Thursday, May 24, 2007
the Perishable Press Limited
I have previously mentioned that one of my favorite small presses is Toothpaste Press which was most active from during the 1970s and 1980s. I wish to add to this small list the Perishable Press Limited. Brainchild of Walter Hamady and located in Mount Horeb, Wisconsin, this small press has made an incredible contribution to the advance of “book art” in the 20th century. Begun in 1964, the press has defied categorization. Known for their fine hand-made paper, distinguished typography, and unique colophons, the Perishable Press challenges traditional notions of the book. Perishable Press Limited is best known for their work with Robert Creeley, Robert Duncan, Paul Blackburn, and Lawrence Ferlinghetti. However, the books I have to discuss are by lesser known poets; George Oppen, J V Cunningham, Carl Thayler (and a rare gem by William Stafford).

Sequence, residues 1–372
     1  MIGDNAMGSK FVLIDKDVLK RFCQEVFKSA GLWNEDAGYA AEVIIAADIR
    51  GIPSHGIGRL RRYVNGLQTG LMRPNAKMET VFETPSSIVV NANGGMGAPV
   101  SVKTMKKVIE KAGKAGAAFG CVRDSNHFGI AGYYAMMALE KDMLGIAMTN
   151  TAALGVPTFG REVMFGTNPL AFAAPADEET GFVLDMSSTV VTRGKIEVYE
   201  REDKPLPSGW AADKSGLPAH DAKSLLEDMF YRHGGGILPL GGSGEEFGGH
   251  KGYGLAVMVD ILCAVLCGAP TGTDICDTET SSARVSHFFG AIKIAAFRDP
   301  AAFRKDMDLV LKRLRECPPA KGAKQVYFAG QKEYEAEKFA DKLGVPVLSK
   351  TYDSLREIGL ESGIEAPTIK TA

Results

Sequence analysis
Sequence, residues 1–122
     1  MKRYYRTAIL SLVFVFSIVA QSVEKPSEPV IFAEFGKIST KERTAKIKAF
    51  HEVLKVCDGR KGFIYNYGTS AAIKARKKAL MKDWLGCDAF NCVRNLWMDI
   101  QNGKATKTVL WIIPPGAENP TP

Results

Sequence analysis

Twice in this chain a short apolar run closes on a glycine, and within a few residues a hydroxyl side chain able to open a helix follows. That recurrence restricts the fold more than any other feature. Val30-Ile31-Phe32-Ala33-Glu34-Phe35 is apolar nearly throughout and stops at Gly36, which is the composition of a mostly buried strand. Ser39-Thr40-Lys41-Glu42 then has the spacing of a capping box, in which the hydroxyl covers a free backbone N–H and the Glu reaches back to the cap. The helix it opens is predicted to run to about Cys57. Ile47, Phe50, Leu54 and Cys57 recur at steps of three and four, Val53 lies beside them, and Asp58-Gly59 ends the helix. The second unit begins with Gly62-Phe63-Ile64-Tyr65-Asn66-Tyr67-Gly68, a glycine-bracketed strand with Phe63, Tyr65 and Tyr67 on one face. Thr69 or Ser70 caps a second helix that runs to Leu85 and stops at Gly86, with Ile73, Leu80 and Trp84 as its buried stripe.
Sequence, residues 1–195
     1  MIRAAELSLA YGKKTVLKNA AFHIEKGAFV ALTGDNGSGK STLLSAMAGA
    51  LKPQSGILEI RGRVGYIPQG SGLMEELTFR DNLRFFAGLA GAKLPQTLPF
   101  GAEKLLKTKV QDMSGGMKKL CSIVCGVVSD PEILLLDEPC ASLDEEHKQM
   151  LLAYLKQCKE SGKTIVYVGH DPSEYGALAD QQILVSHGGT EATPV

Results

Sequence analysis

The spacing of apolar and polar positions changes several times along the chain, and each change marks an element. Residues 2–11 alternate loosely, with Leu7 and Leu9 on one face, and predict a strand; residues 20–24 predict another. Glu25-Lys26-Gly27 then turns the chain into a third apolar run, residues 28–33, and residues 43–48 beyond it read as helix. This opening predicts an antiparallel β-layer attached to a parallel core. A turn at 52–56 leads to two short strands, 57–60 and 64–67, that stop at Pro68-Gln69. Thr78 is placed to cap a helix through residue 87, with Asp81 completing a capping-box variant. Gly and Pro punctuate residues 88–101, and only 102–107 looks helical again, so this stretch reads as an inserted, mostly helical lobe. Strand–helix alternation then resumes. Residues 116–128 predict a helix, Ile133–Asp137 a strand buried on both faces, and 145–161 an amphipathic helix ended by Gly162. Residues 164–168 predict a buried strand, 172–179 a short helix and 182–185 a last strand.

The number and size of chapbooks by Perishable Press, a name taken from the notion that books – like people – are perishable and limited, make them rare to find since few were printed for each project. In the case of Oppen, Cunningham, and Thayler, poets whose work I never read or had only heard of, it’s a precious moment indeed to hold a finely made book of some of their rarely published work.
Some Salt J. V. Cunningham (1967) 8” X 5”. Olive green cover. 14 pages. Single sided. On hand-made paper. 250 copies printed, letter press.
Eleven Untitled Poems William Stafford (1968) 8” X 5 3/4”. Dark Blue with image on front cover. Uncut pages. #123 of 250 numbered copies. On hand-made paper. Letter pressed.
The Drivers Carl Thayler (1969) 8 3/4” X 5 1/2”. Grey cover with impression of title on front cover. Etching inside front by Jack Damer. One of only 130 for sale. 11 poems. Dedicated to Toby Olson.
Alpine George Oppen (1969) 9 1/2” X 6 1/2”. Tan cover with title imprinted onto front cover. 4 poems. 250 copies printed, letter press.
The dedication of Oppen’s chapbook speaks to all of us who are interested in the work of the letter press printers and “book artists” across the nation. ‘To those who as poets and publishers have rescued a nation’s literature”. Indeed so.